Communication Patterns: Baby Boomers Gen Xers and Millennials

Different generational groups may communicate differently based upon the cultural shared practices that are most salient during their birth cohort. In order to better equip you with these differences when developing your B2B marketing tactics, I have compiled this document of how Baby Boomers (1946-1960), Generation Xers (1960-1980) and Millennials (1980-1994) differ in their communication preferences.

baby boomers, gen xers and millenials

Baby Boomers (1946-1960)

  • Are familiar and accustomed with email and the internet
  • Prefer face-to-face or a phone call, and after business hours they prefer email unless it’s urgent in which case they prefer telephone

Gen Xers (1960-1980)

  • Are familiar and accustomed with email and the internet
  • Believe they must be connected to peers at all times via cell phone, instant messaging, and other forms of contact, even at work.
  • Do not like meetings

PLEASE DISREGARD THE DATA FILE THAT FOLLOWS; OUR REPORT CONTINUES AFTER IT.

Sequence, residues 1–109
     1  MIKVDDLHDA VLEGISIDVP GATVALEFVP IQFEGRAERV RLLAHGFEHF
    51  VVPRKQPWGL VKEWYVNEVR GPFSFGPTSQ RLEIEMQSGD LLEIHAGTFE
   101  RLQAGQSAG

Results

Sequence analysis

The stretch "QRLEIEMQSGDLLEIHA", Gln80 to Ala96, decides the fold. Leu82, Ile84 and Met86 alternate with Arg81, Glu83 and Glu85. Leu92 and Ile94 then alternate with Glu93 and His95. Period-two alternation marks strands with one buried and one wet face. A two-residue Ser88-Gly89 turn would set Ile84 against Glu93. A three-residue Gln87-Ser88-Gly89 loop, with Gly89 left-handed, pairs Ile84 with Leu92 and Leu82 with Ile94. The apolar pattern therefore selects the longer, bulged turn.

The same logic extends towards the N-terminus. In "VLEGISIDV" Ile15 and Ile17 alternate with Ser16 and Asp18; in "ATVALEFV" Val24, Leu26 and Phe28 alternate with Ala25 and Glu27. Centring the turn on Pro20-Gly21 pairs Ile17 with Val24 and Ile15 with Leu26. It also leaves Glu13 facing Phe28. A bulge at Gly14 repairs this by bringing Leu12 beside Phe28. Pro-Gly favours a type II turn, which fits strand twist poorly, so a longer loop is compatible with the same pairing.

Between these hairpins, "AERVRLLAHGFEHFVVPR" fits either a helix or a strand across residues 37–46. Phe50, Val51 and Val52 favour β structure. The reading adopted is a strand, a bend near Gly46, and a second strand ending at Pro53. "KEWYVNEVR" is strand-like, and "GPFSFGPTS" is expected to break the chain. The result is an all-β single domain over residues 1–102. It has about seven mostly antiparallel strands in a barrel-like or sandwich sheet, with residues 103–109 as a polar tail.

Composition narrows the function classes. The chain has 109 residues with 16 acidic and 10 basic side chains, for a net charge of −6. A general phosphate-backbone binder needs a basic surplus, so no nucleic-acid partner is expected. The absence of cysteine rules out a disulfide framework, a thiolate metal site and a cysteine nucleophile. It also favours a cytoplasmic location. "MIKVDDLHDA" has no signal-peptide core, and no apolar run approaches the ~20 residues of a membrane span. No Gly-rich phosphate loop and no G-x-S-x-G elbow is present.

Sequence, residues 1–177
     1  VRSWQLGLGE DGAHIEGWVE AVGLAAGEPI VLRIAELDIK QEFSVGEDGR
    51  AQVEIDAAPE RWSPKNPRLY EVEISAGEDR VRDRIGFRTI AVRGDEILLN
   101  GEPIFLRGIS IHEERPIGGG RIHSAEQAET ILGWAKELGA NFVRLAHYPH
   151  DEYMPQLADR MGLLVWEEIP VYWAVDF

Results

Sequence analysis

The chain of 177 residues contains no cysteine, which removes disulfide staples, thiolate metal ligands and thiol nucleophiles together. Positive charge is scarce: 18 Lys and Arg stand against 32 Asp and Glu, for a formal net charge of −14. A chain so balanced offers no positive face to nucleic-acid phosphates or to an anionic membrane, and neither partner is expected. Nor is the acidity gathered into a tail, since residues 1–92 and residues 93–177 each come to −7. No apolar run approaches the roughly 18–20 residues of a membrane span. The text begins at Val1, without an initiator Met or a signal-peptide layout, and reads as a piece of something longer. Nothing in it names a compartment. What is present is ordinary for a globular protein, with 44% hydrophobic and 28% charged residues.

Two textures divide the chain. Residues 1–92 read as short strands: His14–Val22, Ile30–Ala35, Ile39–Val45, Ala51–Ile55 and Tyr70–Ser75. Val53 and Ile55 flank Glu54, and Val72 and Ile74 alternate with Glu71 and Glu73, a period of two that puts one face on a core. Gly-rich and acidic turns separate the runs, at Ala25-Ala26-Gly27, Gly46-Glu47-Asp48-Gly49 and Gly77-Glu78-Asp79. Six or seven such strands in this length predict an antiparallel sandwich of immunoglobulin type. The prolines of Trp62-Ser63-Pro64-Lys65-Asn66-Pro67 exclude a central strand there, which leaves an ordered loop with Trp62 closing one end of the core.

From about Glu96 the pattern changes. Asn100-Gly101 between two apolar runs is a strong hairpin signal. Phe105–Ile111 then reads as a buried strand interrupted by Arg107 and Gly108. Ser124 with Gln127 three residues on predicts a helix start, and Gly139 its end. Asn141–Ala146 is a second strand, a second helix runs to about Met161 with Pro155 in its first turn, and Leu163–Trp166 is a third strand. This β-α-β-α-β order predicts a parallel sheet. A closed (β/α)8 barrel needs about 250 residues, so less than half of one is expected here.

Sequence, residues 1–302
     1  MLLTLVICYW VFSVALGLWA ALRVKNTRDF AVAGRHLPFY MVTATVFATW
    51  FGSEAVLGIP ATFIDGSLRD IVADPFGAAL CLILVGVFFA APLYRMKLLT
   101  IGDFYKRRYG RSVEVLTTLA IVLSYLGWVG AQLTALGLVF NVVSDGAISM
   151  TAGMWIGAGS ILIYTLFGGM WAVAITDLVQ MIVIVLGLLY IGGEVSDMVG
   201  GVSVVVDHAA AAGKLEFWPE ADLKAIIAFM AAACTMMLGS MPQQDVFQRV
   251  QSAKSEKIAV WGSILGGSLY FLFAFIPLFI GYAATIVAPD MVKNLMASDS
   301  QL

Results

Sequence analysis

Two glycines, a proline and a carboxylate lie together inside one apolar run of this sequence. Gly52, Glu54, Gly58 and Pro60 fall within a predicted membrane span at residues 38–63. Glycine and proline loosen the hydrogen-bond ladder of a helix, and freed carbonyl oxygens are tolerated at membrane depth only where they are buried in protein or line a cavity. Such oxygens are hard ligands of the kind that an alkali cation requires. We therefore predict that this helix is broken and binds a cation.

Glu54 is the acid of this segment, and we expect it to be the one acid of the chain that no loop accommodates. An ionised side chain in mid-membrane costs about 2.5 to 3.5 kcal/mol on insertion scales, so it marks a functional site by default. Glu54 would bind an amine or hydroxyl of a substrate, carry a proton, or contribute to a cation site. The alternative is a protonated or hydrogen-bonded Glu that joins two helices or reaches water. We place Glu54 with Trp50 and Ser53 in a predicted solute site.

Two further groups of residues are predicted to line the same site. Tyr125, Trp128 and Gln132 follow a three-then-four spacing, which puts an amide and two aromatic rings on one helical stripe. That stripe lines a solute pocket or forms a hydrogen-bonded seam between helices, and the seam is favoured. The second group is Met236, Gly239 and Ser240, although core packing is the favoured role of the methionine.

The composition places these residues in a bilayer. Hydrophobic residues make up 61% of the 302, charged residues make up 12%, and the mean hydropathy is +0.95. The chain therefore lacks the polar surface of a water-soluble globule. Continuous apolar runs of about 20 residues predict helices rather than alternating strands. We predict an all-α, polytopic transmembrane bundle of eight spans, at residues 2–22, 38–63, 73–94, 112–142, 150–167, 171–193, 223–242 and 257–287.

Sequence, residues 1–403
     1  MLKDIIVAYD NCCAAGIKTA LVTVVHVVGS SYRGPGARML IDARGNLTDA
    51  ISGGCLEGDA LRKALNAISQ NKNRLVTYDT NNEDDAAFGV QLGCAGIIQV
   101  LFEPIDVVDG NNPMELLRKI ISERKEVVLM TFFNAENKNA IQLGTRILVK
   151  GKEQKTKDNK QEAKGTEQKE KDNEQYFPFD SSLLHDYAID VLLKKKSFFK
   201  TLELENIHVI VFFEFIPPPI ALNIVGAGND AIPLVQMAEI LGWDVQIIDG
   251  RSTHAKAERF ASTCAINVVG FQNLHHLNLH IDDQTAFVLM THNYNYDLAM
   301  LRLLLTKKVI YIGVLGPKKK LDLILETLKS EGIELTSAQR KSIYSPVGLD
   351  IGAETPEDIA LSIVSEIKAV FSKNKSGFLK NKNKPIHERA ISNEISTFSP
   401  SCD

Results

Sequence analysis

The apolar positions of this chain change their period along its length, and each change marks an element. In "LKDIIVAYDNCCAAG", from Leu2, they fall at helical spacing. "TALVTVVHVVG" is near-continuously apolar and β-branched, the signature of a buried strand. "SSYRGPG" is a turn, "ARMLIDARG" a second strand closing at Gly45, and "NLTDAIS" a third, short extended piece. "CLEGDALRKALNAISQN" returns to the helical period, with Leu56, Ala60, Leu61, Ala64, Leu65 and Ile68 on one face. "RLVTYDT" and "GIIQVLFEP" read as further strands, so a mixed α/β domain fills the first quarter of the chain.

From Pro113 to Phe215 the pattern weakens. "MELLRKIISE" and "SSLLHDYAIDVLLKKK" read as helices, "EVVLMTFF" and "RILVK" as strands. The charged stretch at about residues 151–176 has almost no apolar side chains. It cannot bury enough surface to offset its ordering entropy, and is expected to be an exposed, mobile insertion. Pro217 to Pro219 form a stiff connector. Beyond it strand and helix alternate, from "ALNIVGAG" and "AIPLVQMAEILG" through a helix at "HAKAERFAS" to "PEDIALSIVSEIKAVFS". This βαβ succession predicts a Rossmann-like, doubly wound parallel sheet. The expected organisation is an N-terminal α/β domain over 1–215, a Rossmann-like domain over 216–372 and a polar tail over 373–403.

• May avoid meetings and phone calls, (i.e. leave a message) because they are busy and don’’t see the potential gain. Baby Boomers often see this as not team-oriented.

Millennials (1980-1994)

  • Are familiar and accustomed with social media and text messaging. These are their main forms of communication.
  • Believe they must be connected to peers at all times via cell phone, instant messaging and other forms of contact,– even at work.
  • Prefer to accomplish work in groups. They use meetings with the goal to exchange ideas and divide up the work

This synopsis was developed using the scientific studies found in The Handbook of Intergroup Communication, edited by Howard Giles.


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